What you can expect to gain and learn from a nonprofit internship
If you’re considering a career in the nonprofit sector, doing an internship with a charity is an obvious choice. You’ll get a taste of what your working days would look like and you’ll be able to gauge whether it’s indeed a good career choice for you. Plus, there’s opportunity to build a network within the sector. But an NGO internship could also be a strategic move if you have very different career goals, as there’s some intrinsic merits to getting work experience with a grassroots charity. And, of course, there’s the happy fact that, while you’re getting work experience under your belt, you’re also contributing to the betterment of society.
The start of a value-driven career
We’re tempted to see work as an unpleasant but inevitable way to spend a majority of our time, for a majority of our lives. But there’s a different way; there are jobs out there that are enjoyable, enriching, and meaningful. As Alain de Botton points out in his book ‘The Pleasures and Sorrows of Work,’ work is meaningful “[w]henever it allows us to generate delight or reduce suffering in others. Though we are often taught to think of ourselves as inherently selfish, the longing to act meaningfully in our work seems just as stubborn a part of our make-up as our appetite for status or money.”
Though the nonprofit sector doesn’t hold a monopoly on meaningful work, working for a charitable organization is an obvious choice if you’re after a value-driven career. It’s a straightforward way of contributing to a cause that matters to you, and of seeing your work turn into impact.
Apart from the fact that it’s purpose-driven, working in the nonprofit sector has further benefits, as a Guardian article points out. For one, there’s job stability. “[C]harities are less likely to take risks when expanding, so are less likely to suffer financially compared to companies that focus purely on profit,” the article points out. Moreover, the article points out that nonprofit employers tend to offer flexible working hours and good benefits, and that there’s high job satisfaction amongst charity workers.
Some good reasons, then, to consider a career in the nonprofit sector. And a good first move towards this goal is, for obvious reasons, an internship with a nonprofit organization. This will get you the practical work experience you need to confidently and successfully apply for charity jobs once you’ve graduated. Your internship experience will hold weight as an exposure to the field, and as a training in the skills necessary to serve communities best.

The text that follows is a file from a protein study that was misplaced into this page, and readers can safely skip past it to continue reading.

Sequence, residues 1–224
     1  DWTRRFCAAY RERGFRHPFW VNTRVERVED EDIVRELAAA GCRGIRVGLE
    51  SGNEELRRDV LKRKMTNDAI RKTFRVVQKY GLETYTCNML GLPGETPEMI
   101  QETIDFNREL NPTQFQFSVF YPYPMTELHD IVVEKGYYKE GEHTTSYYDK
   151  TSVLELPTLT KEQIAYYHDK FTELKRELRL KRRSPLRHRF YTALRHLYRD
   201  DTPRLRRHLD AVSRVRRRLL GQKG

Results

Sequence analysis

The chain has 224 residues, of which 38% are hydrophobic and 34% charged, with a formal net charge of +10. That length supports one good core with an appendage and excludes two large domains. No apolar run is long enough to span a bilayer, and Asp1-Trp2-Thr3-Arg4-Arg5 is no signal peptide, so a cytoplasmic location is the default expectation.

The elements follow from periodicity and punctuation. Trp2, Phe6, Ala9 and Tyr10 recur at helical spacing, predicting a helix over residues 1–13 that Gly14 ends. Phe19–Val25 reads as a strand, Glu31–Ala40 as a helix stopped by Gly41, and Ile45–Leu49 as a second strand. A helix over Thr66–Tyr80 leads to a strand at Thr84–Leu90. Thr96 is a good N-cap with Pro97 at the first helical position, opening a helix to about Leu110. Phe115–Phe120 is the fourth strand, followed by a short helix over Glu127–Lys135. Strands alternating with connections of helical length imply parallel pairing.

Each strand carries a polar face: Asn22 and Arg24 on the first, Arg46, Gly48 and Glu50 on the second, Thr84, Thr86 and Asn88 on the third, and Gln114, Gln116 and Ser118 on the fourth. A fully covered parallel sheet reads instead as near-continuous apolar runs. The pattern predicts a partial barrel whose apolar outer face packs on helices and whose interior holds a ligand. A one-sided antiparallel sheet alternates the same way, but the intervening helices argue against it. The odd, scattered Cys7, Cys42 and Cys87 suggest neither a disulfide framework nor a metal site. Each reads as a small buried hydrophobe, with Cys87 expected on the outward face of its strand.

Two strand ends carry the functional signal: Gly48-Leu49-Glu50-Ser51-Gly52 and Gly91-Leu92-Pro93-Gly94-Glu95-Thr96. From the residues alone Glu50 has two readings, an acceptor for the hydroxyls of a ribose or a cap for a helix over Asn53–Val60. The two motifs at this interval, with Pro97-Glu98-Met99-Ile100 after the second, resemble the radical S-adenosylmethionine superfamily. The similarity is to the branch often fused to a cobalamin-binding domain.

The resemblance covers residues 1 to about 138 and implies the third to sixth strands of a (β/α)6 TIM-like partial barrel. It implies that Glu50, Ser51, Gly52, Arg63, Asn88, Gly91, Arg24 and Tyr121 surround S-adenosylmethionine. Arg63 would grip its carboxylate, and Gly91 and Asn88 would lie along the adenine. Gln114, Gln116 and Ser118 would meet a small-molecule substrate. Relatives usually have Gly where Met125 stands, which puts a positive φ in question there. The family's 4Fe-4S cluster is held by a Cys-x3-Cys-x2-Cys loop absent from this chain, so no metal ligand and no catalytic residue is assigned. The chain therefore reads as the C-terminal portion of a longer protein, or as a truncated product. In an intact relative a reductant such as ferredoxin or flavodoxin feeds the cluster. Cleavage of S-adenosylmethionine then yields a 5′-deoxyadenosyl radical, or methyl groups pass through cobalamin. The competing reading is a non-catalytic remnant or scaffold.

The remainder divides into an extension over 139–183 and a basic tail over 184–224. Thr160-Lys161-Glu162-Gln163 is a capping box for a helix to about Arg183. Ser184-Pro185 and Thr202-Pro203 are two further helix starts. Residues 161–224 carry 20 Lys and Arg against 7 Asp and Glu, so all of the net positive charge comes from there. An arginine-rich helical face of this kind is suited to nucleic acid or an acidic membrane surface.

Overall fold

And, biased as we are at Roots, we believe that doing your nonprofit internship overseas will bring you added benefits of international work experience, a new perspective, and a confidence boost.
Why you might intern with a charity, even if your goal isn’t a nonprofit career
But there are benefits to doing a charity internship that extend beyond the obvious nonprofit-sector career-building elements. The versatile and flexible nature of nonprofit internships, and the fact that there’s often an entrepreneurial element to them, means they can be a successful springboard for many different career paths.
Because NGOs — particularly ones based in Africa — are often constructed of small teams, an internship with one of these organizations can involve a myriad of tasks. Depending on your specific academic or field interests, you can wear many hats. Say that, for example, you want to focus on marketing and communications; not only can you work to develop organization awareness and reachability, but you can also explore how fundraising works, craft content pieces for a website, or research the tourism industry in a specific country or locale.
For similar reasons, given the fact that you’ll be a vital part of a small team, your role will go far beyond the administrative work you’re likely to do during an average internship with a corporate company. Interning with a small charity will allow you to take on large and exciting projects that will challenge you in the right ways. You can expect to develop skills in areas such as project management, marketing, and business development – skills that are easily transferable to a wide range of job sectors.
And then there’s the international element to doing an internship with a charity in Africa; a multicultural experience that will help you develop softer skills, such as cultural sensitivity and flexibility, communication skills, and empathy.
Check out your options
Interning for a charity speaks to both your work experience and your character. Not only will you engage with community leaders and project spearheaders, but you will attain the field experience that is a rarity in more traditional, corporate internships. Working directly with an NGO refocuses priorities, and it reframes the way in which you view purposeful work.
If you are considering the nonprofit sector as a career path, getting such field experience and internships are essential to this venture. And if you envision a completely different type of career – have a look at the skills you’ll need to thrive in your desired field, and consider a charity internship as a way to develop these.